Posted on: The Guardian | May 5th, 2019
The US on Friday hiked tariffs on $200bn worth of Chinese goods, prompting Beijing to promise retaliation and escalating the chances of a full-blown trade war between the world’s two economic superpowers.
At 12:01am on Friday in Washington, tariffs on Chinese goods were raised to 25% from 10%, after last-minute talks in Washington between Chinese vice premier Liu He and US trade representative Robert Lighthizer on Thursday failed to salvage months of talks on a deal.
In a series of tweets, president Donald Trump threatened to expand the new tariff rates to almost all Chinese imports as he ratcheted up the rhetoric ahead of further negotiations.
But he sounded a defensive note after coming under fire from business lobby groups fearful that higher import costs will force US companies and farmers to lay off workers.
Trump tweeted: “Tariffs will bring in FAR MORE wealth to our country than even a phenomenal deal of the traditional kind. Also, much easier & quicker to do. Our Farmers will do better, faster, and starving nations can now be helped. Waivers on some products will be granted, or go to new source!”
Ignoring concerns that purchasing US goods and food and then dumping them on developing world countries could put local firms and farmers out business, he said: “With the over 100 Billion Dollars in Tariffs that we take in, we will buy agricultural products from our Great Farmers, in larger amounts than China ever did, and ship it to poor & starving countries in the form of humanitarian assistance.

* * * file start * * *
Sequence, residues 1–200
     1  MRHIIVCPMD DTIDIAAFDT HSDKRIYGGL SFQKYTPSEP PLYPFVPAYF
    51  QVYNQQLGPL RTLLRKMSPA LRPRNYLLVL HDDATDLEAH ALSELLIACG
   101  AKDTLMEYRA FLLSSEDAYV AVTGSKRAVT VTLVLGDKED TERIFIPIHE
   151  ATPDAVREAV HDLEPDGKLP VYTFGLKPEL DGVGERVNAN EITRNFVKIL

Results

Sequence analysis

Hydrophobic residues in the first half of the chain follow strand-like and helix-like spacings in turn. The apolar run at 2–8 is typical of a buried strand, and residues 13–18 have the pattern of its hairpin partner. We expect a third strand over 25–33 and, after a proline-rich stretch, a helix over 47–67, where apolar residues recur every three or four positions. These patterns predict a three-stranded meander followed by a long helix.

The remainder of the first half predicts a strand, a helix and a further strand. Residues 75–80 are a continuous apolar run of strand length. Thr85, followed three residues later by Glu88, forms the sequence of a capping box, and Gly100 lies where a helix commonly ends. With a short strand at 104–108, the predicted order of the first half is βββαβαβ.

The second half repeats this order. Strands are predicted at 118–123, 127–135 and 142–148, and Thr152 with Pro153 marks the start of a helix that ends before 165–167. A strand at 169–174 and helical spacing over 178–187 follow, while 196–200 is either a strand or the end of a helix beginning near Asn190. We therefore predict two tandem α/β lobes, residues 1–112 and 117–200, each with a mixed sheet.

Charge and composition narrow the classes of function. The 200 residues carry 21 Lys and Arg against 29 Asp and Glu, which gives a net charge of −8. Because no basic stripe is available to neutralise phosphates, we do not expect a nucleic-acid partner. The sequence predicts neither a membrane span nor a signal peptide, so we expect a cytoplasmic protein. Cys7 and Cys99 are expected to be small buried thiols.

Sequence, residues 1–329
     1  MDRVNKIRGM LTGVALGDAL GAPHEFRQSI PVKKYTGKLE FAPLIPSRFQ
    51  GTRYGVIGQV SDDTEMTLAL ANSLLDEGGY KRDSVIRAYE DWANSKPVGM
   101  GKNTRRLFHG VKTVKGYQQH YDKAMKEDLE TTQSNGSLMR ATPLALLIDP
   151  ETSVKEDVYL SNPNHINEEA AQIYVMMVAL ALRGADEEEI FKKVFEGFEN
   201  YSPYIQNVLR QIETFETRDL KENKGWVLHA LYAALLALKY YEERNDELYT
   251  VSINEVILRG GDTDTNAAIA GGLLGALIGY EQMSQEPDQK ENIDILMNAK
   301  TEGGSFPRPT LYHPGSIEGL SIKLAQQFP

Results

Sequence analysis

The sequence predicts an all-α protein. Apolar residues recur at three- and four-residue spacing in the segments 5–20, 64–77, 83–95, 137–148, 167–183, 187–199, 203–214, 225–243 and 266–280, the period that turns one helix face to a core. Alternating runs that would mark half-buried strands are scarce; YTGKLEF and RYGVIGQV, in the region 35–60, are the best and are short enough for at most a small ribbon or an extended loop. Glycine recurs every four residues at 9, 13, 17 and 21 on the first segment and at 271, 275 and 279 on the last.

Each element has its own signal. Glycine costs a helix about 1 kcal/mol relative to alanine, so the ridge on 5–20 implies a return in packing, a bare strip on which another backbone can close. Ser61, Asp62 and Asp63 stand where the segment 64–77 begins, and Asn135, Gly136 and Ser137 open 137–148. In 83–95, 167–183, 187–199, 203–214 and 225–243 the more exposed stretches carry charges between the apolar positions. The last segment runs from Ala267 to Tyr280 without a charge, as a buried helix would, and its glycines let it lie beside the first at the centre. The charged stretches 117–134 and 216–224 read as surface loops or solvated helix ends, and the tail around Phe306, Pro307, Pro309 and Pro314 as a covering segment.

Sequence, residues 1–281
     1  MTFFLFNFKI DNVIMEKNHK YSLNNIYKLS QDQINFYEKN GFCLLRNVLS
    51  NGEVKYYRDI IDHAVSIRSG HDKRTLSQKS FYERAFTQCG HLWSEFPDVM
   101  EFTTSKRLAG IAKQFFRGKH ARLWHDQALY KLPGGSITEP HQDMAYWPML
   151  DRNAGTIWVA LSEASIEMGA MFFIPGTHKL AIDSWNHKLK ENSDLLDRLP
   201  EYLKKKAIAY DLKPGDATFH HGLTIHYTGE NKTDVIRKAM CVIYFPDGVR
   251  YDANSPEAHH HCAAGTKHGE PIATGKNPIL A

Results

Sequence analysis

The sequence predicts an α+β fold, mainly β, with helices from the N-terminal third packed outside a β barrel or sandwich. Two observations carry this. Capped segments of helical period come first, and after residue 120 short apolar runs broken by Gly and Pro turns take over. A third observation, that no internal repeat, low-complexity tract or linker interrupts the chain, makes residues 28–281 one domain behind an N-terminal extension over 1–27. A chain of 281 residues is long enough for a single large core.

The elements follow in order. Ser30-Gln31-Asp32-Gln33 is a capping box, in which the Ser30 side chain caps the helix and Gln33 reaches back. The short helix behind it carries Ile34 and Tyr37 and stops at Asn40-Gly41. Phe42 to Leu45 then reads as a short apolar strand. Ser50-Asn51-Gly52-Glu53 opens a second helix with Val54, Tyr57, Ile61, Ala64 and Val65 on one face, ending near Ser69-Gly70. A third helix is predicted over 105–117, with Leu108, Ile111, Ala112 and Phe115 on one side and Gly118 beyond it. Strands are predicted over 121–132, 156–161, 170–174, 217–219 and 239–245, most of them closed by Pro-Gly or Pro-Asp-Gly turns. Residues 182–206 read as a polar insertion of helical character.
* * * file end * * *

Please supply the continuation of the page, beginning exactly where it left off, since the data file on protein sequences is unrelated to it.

“In the meantime we will continue to negotiate with China in the hopes that they do not again try to redo deal!,” he added.
China’s ministry of commerce said in a statement just after the scheduled tariffs went into effect: “The Chinese side deeply regrets that it will have to take necessary countermeasures”.
“It is hoped that the US and the Chinese side will work together to resolve existing problems through cooperation and consultation,” it said, noting that “high-level economic and trade consultations” were underway. The two sides were scheduled to resume talks in Washington on Friday.
The increased tariffs apply only to goods leaving China after the deadline and will go into effect only once shipments reach the US, which could take weeks, leaving room still for negotiations.
However, investors now face the prospect of a damaging trade war which many fear could destabilise the already slowing global economy and escalate tensions between the two superpowers over flash points such as the South China Sea and industrial espionage.
Earlier, the International Monetary Fund warned a tariff war posed a “threat to the global economy” and called for a speedy resolution. “As we have said before, everybody loses in a protracted trade conflict,” said IMF spokesman Gerry Rice.
Trump has also said he is preparing the “paperwork” for tariffs of 25% on an additional $325bn worth of Chinese imports, which would mean almost all Chinese goods exported to the US would be levied. Chinese exports to the US accounted for about $540bn last year.
In Asia, the Shanghai Composite index closed 3.1% higher, helped by state funds buying up stocks in the afternoon after the tariffs went into effect. Hong Kong’s Hang Seng index closed 0.8% higher, but lost 5.1% on the week. Tokyo’s Nikkei 225 lost 0.27%.
On Thursday, Trump said he had received a “beautiful letter” from Xi as negotiations continued in Washington. He quoted Xi as saying in the letter: “Let’s work together, let’s see if we can get something done.” The US president added he believed a deal could be done this week, but accused China of sabotaging recent talks by seeking a renegotiation. “We’re getting very close to a deal then they started to renegotiate the deal. We can’t have that. We can’t have that,” said Trump.
Stock markets all over the world have tracked higher this year thanks in large part to reports of good progress in talks aimed at resolving the long-running dispute.